I’ve just gone a month without drinking. My reasons were simple – April is alcoholism awareness month, and I realized I hadn’t given a single thought to alcoholism despite my love of alcohol consumption. As a matter of fact, not many people in the booze-blogging community seem to mention it with any sort of regularity, despite its specter looming behind every pint glass. So I went dry for a month, and it was one of the more difficult tests of willpower I’ve ever had.
I know that sounds dramatic, especially to those who only occasionally indulge. But even though I’m not an alcoholic, I learned a few things about just how ingrained alcohol is in my life. My previous update talked about how many social situations require booze to seem normal, and how alcohol’s ubiquity makes it a singular drug for an addict. Even if they clean up it will be unavoidable for the rest of their lives, unlike its more insidious kin like heroin and meth.
If a recovering heroin addict really wanted to, they could probably spend the rest of their lives without ever seeing the drug again. Good luck attempting that with alcohol. Every party, every dinner, every family reunion an alcoholic is going to have to face their demons.
Then there’s the pressure. Maybe an alcoholic doesn’t want to get into depth about why they’re sipping Perrier instead of a cocktail. But when employers, clients or friends continually insist on you partaking, it can grow increasingly tricky to dance around the question. For me, I just didn’t want to have to explain in depth my reasons for not drinking. For an alcoholic, it might mean their reputation is permanently altered in the eyes of their coworkers.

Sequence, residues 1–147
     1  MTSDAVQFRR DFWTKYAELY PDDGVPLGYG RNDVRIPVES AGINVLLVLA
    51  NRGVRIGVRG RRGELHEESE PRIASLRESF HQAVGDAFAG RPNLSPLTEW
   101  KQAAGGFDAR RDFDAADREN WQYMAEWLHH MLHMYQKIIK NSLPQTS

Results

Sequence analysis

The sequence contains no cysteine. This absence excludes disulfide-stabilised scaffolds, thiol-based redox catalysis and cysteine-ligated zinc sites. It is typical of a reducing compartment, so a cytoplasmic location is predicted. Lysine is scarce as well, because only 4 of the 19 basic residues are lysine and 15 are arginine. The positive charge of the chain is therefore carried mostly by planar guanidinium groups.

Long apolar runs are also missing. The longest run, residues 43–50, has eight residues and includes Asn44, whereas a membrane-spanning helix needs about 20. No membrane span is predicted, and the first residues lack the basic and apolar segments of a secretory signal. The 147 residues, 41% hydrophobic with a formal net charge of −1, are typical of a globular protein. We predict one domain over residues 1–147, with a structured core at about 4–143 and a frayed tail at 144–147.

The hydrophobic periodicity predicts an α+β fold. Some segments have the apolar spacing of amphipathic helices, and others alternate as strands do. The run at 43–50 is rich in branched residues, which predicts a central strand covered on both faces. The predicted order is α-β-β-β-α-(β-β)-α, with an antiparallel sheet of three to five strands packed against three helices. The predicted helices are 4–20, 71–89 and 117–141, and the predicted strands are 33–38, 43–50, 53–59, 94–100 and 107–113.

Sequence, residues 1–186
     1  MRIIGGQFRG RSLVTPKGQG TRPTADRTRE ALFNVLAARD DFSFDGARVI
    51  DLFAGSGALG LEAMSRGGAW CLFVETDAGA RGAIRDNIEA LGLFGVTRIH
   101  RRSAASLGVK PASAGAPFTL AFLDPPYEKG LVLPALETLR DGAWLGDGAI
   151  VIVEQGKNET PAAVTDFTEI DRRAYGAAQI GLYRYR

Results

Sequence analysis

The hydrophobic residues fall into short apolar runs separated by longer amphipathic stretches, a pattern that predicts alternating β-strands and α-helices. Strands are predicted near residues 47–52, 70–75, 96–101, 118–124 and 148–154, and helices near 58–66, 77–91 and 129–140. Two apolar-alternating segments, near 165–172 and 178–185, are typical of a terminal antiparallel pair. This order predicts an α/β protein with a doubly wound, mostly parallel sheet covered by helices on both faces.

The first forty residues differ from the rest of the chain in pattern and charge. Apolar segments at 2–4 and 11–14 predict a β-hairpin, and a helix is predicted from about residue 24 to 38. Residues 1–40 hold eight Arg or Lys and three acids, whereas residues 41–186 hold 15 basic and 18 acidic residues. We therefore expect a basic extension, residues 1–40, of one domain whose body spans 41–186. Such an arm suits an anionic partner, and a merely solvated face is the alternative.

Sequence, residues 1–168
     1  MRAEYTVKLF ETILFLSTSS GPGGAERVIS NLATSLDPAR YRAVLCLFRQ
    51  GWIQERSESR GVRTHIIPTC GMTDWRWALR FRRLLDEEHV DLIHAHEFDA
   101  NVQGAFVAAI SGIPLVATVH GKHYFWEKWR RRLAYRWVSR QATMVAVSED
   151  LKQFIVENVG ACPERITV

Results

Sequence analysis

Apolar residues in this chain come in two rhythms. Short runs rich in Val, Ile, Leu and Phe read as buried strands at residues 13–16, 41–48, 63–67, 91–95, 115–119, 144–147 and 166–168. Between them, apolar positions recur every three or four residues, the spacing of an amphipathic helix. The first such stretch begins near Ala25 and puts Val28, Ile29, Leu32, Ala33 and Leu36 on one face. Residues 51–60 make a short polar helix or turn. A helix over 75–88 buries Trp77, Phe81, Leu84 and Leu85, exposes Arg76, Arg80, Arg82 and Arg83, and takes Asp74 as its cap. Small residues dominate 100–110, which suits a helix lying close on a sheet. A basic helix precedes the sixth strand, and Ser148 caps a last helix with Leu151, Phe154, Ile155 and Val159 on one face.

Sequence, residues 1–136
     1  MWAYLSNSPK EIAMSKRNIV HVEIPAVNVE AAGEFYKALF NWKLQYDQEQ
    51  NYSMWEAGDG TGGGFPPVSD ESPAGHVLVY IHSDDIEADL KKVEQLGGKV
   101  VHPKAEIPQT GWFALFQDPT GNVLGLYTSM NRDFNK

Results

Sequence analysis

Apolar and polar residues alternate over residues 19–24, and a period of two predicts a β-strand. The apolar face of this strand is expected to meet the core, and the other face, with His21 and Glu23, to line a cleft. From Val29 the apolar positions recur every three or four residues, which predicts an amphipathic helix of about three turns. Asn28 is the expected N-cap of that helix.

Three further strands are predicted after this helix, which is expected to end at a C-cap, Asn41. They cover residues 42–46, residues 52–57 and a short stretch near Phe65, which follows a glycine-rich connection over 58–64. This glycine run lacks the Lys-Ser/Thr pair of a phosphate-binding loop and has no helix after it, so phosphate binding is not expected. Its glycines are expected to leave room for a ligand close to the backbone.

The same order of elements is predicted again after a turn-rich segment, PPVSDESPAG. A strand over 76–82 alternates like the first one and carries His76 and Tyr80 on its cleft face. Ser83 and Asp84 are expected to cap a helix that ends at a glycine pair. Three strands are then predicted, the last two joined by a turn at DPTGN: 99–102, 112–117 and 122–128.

Another problem I encountered for no-alcohol April is just how much I missed drinking. Not to get drunk, or party, or be social – although all of that tempted me at some point. But the actual taste and feeling of some of my favourite drinks. Every new beer release, or wine recommendation had to be jotted down for later. It was maddening at times to see my favourite breweries put out a limited offer and have to watch it go by without a chance to try it.
Here’s the thing, and I cannot stress this enough – it was damn hard for me, and if it was hard for me I can’t even fathom what it’s like to go through your days as a recovering alcoholic. I shudder to think of the herculean willpower it must take to resist drinking when you’re overcoming an addiction in addition to all of the temptations I faced.
Now for the good news. Sure it was hard, but the positives were readily apparent. I dropped a significant amount of weight, without any radical lifestyle change. Without beer, it just seems to fall off. Second, my weekend mornings were never more productive. You know that hangover you’re constantly dreading? It’s not inevitable – without booze it simply doesn’t exist. And the best part of all was my budget. I was hit with a couple of unexpected expenses this April, and they really couldn’t have picked a better month. Without booze to soak up my money, I felt like my discretionary spending limit was effectively doubled. Turns out, I was spending A LOT on booze.
One thing I’m proud to report, is going dry gets easier. I’m not an alcoholic, and I have no right giving advice to one. But if you’re looking to cut back a bit, and worried it’s going to suck, just know that it really does become easier. You become accustomed to reaching for a tea mug instead of a tumbler at night. You re-introduce yourself to a lot of friends you haven’t met sober in a long time. Your health and fitness take a notable jump. And you stop missing it so much.
Midnight, May 1st, I ended my dry month with a cold pint of beer. I followed it up with a shot of bourbon, and was intending to go in for more – but I fell asleep. My tolerance has completely eroded in my month off, and I’m going to be forced to take it easy in the coming weeks. And you know what? I’m happy about it. I’d like to preserve some of the benefits I realized in April, and ease up on my consumption a bit. Turns out I didn’t need as much alcohol as I thought.
At the end of it all I’ll say this – enjoy your drinks. If there comes a point where the pleasure wanes but the urge persists, maybe pause and consider why. For the rest of you, I raise a toast to your good booze, and your moderate consumption. Cheers, and remember to sip it slow.
If you’re looking to help combat alcoholism or other addiction, feel free to donate to CAMH who are on the front lines of helping people regain control of their lives.